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KBR Inc., a Texas tech and engineering company, has settled the first SEC "pretaliation" enforcement action under Dodd-Frank, Inside Counsel reported yesterday. KBR's standard confidentiality agreement, used in internal investigations, forbids employees from "discussing any particulars" about the investigation without prior authorization from the law department. That's illegal pretaliation, according to the SEC.

In-house counsel, get ready to spend your weekend reviewing your company's confidentiality policies!

It's already started. The 2016 presidential election is more than a year and a half away, but we're already being asked if we're ready for Hillary or willing to pass the hat for Ted Cruz. The election season is upon us and it's not going away anytime soon.

For many people, politicking isn't an after-hours only hobby, but something that pervades their whole life. So what's a GC to do when campaigning leaks into the office?

Companies that rely on highly skilled foreign workers to replace domestic counterparts may be facing increased scrutiny in the near future. Ten senators recently called for an investigation into the government's H-1B visa program. That program allows employers to hire specialized foreign workers in order to fill slots that can't be filled by domestic labor.

Many companies, particularly in the tech industry, have been arguing for an expansion to the program. To critics, however, the H-1B visas aren't a source of new talent, but an open door to replacing American workers with lower paid foreign labor. Recent developments could put a kink in the plans of employers who rely on such visas.

JPMorgan Chase is instituting new software that will identify "rogue employees" before they actually do wrong, the banking and financial services company announced. We'll skip the comparison to "Minority Report," the early aughts film in which Tom Cruise hunts down "precriminals" before they can act.

Chase has been rattled by compliance over the past years, having recently settled a Department of Justice investigation into its mortgage practices for $13 billion. It has faced continuing investigation on multiple fronts, from accusations that it manipulated energy markets, to claims it improperly steered clients into self-serving investments.

Could a corporate Big Brother be the answer to Chase's woes? If it is, will others follow?

As Indiana and Arkansas were considering "religious freedom" bills that, opponents argued, would give companies the right to discriminate, several high profile corporations took public stances against them.

Apple, Salesforce, American Airlines and even Walmart spoke out against the legislation. Yeah, Walmart, the second largest corporation in America, often reviled by progressives, contacted the Governor of Arkansas and urged him to veto his state's RFRA legislation.

Why?

Making friends outside the legal department can be difficult. For one, you might be shy or maybe you lack the shared interests needed to make a friendship stick. Or, maybe you just know too much inside dirt.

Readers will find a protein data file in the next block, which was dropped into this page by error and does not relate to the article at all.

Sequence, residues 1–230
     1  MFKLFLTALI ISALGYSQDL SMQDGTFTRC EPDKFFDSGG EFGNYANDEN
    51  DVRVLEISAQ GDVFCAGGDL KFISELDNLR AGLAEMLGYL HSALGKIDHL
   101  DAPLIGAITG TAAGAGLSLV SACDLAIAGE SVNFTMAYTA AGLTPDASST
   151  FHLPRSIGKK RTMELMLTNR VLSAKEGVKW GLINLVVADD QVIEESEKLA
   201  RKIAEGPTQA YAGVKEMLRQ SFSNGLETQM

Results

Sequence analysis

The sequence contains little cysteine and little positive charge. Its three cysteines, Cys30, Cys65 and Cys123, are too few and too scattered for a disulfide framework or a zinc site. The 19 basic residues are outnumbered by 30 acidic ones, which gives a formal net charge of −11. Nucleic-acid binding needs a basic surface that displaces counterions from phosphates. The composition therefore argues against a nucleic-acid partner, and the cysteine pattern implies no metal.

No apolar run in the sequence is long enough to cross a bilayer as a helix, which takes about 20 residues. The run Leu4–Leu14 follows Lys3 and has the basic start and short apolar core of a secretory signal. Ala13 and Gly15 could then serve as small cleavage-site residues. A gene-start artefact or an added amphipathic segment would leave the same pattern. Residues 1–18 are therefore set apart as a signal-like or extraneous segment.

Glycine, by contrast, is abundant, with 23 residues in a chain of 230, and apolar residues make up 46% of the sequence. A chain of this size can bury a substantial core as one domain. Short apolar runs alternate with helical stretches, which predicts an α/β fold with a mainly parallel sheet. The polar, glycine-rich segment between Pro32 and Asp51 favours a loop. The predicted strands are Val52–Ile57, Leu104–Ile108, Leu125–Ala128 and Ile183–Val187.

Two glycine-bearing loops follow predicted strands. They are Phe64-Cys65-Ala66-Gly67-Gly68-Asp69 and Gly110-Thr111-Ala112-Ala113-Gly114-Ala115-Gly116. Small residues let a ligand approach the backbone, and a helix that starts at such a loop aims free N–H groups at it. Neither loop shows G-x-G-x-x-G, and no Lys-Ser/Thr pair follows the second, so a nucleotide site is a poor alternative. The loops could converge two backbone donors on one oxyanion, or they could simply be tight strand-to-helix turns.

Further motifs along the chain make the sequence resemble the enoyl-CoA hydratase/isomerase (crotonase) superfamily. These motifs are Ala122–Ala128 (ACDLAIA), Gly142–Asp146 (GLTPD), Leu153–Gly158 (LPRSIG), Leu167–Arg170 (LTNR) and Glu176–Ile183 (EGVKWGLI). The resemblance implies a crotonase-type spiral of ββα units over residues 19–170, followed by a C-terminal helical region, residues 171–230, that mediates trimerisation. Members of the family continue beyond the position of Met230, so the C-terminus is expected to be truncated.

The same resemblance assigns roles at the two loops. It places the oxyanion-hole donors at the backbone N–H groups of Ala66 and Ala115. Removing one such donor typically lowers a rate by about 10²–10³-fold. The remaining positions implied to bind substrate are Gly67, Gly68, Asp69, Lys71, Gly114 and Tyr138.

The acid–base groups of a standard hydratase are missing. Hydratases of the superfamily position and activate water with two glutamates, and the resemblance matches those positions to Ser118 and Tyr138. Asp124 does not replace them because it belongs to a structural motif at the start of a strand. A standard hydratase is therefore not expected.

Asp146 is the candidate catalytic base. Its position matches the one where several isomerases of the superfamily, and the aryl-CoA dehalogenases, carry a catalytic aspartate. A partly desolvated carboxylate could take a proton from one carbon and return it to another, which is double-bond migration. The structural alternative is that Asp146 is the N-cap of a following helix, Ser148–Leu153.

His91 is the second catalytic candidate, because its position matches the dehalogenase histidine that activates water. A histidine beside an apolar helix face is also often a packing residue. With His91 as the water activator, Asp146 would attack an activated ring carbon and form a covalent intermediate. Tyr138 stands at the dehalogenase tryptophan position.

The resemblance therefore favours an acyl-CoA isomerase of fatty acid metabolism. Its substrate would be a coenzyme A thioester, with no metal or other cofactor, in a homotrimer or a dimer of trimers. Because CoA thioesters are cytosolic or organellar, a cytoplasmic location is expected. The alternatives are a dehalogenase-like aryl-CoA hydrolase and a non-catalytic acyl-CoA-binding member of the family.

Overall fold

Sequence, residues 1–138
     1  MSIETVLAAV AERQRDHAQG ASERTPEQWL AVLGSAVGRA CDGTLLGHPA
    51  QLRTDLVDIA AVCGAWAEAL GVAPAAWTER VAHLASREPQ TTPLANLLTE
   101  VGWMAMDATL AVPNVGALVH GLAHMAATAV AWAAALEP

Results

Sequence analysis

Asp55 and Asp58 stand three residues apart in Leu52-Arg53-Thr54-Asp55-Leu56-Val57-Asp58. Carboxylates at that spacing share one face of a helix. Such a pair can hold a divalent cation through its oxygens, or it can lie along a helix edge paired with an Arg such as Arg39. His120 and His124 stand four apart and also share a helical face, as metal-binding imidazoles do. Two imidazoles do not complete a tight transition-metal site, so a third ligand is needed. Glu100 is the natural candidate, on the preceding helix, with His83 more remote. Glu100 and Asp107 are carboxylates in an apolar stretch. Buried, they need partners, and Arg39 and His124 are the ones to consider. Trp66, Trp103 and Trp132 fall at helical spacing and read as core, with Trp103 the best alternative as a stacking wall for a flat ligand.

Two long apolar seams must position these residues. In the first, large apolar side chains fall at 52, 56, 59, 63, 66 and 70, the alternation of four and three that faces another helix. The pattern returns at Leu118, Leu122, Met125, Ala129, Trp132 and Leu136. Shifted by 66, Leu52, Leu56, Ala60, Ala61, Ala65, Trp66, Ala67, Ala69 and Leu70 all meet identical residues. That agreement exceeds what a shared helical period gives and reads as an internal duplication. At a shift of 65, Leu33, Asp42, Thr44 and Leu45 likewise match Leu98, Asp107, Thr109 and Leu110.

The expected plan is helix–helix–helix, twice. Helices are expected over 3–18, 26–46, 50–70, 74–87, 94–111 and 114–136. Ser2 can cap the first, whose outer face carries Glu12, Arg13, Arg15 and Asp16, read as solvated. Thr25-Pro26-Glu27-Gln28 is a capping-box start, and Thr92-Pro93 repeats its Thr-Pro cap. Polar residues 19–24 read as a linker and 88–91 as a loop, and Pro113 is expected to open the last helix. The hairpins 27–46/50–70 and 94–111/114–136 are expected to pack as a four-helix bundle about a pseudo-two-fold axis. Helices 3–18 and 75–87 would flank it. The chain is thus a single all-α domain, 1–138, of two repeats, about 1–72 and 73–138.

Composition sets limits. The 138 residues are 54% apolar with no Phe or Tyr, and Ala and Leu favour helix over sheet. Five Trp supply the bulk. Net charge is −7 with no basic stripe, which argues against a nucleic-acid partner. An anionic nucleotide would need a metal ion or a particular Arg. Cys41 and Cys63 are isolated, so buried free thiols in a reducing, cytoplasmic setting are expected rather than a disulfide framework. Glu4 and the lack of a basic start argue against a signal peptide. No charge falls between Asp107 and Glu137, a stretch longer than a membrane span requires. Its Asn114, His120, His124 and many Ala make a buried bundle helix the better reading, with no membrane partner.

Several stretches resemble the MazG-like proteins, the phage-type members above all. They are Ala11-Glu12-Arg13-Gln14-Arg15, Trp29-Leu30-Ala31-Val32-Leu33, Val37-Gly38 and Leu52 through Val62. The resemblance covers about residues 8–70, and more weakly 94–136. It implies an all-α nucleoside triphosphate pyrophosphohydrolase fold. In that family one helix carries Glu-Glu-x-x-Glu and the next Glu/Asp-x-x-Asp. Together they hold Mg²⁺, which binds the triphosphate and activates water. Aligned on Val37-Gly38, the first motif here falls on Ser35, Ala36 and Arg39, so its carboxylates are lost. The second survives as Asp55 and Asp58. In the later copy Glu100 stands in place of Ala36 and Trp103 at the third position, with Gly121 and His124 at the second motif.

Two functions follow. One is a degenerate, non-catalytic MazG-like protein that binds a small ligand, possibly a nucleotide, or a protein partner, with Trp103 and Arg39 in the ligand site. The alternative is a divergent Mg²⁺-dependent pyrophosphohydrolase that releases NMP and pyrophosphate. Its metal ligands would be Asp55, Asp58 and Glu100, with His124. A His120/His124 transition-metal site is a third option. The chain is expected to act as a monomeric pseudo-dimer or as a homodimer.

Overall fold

For in-house lawyers, spreading your social connections outside your department can raise some tricky issues.

Putting together the best team possible can require finding not just candidates that are qualified, but who match the personality of a company, office, or management. In other words, hiring for "culture fit."

Increasingly though, corporate emphasis on culture fit has come under fire, as a spate of lawsuits accuse employers of using culture as a cover for discrimination. So, when does hiring someone who "fits in" cross the line into impermissible employment discrimination?

On Wednesday, the Supreme Court allowed a lawsuit brought by a pregnant driver against UPS to proceed. The driver, Peggy Young, was told by her doctor that she shouldn't be lifting more than 20 pounds. UPS drivers, however, have to lift 70 pounds. She asked for an accommodation, UPS said no, and Peggy was unable to work, eventually losing her medical benefits.

The Supreme Court's decision has wide-ranging implications for pregnancy discrimination and sets out a new test for determining whether an employer action is discriminatory toward a pregnant employee. Here's what GCs need to know.

Are employees in your company traveling abroad for work? Depending on how high up they are in the company, what industry you're in, and where they're going, robbery and kidnapping are genuine concerns. So, too, are natural disasters and diseases. Pretty much same as here, but with a different legal system to content with.

Don't worry, though; you can keep them safe! Here are four things in-house legal counsel should know about mitigating the risks to your employees traveling abroad.

For a lot of attorneys, working in-house is an accomplishment in and of itself. But even with highly desired jobs, some places are better than others. What should be an attorneys dream in -house position?

Here's three great places that should count as many lawyer's fantasy employers. Lawyers interested in unique work environments, where employees are both challenged and rewarded, and where the enterprise is at the top of its field, should check out: